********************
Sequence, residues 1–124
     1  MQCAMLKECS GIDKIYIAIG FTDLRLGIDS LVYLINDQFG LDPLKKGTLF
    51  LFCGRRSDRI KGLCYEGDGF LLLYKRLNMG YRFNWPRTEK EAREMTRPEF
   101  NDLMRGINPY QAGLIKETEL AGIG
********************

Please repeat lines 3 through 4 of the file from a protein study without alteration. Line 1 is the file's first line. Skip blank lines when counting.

    51  LFCGRRSDRI KGLCYEGDGF LLLYKRLNMG YRFNWPRTEK EAREMTRPEF
   101  NDLMRGINPY QAGLIKETEL AGIG